For a few years we've had the family tradition of driving to the summit of the pass near our place sometime in November to greet winter and invite him home. Today seemed to be the day. So we donned our snow gear and headed out.
As we drove the fifteen minutes up to the summit we were sad to see that despite the cold temperatures, there's been little snow at higher elevations so far this year. There was certainly some, but not great mounds of the stuff. But as we pulled off beside Fish Lake at the summit, we saw something even more exciting than snow. In the cold weather the lake had become deeply frozen, and the lack of snowfall had kept the surface pristine and glassy.
Lake-skating is a rarity where we live. The big lakes are so deep that they don't freeze, even in minus-twenty temperatures. The smaller, shallower lakes tend to be tucked in little mountain saddles where they get lots of snow and none of the cleansing winds that keep the ice uncovered. We've been lake-skating only a handful of times since moving here in 1994. A glassy frozen lake is a special occurrence indeed, one that demands you drop everything and grab your skates. And so when we saw Fish Lake frozen, we did a U-turn and zipped back home to grab our skates.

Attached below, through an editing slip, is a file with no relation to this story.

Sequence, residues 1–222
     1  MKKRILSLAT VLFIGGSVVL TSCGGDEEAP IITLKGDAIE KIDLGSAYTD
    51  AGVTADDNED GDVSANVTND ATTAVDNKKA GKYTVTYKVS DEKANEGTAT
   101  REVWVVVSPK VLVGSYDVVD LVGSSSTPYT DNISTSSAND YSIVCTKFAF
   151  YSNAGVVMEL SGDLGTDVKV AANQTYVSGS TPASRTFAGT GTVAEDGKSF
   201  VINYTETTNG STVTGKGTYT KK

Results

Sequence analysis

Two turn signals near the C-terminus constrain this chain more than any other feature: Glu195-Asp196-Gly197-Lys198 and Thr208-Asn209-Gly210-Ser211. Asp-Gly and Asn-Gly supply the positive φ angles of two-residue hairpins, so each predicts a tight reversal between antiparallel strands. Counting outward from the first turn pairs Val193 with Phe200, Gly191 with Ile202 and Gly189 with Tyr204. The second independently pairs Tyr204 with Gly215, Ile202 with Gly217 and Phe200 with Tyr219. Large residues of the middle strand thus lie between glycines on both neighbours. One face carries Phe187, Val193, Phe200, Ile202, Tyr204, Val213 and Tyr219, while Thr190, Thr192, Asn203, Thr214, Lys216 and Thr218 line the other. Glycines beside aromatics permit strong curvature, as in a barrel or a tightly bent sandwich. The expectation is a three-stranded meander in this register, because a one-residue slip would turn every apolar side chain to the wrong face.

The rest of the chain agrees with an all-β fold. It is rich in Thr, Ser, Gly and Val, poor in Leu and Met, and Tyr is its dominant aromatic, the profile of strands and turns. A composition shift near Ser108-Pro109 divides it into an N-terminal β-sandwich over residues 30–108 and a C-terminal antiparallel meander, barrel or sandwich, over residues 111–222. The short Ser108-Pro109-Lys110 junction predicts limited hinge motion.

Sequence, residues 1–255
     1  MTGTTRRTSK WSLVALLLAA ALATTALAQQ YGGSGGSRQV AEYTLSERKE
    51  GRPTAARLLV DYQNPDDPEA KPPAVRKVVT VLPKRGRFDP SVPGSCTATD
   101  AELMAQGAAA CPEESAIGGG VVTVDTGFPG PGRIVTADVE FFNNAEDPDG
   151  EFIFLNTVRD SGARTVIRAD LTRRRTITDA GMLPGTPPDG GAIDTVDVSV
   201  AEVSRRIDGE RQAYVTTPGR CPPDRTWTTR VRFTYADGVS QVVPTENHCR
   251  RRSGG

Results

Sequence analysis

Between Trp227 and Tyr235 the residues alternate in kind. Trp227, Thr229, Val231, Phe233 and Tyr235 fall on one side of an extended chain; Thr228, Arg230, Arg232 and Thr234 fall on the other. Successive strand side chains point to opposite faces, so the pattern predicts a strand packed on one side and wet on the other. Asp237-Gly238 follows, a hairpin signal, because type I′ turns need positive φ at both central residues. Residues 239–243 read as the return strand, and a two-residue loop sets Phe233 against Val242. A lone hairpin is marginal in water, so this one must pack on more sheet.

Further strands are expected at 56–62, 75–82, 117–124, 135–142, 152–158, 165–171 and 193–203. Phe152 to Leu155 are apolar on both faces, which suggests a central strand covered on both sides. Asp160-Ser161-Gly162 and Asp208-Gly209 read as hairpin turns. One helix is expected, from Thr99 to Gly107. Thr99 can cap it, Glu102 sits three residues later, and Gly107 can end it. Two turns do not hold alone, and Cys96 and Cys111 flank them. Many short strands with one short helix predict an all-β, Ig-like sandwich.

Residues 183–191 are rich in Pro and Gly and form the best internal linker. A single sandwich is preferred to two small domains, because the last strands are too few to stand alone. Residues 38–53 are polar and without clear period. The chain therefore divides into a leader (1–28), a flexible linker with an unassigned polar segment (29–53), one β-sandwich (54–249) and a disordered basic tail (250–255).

Everyone was a bit wobbly at first since last year was a non-skating year, but soon the kids were zipping around, chasing each other, hitching rides and having a blast.
Fiona, who was newly 3 the last time we were at a rink, was pretty much a beginner today. She did pretty well, and had fun. I think she's going to pick it up quickly. She's got a great attitude and is very motivated. This winter we'll do our best to put in our backyard rink. We won't start that for another couple of weeks at least, but we're thrilled to have the chance. The last couple of years we were prevented from backyard skating by the abominable dog. Now that she's been re-homed, we're looking forward to having our own little ice surface at home by the New Year.
Still, for as long as it lasts, this is the type of skating we'll be doing. How can you beat this beauty and freedom?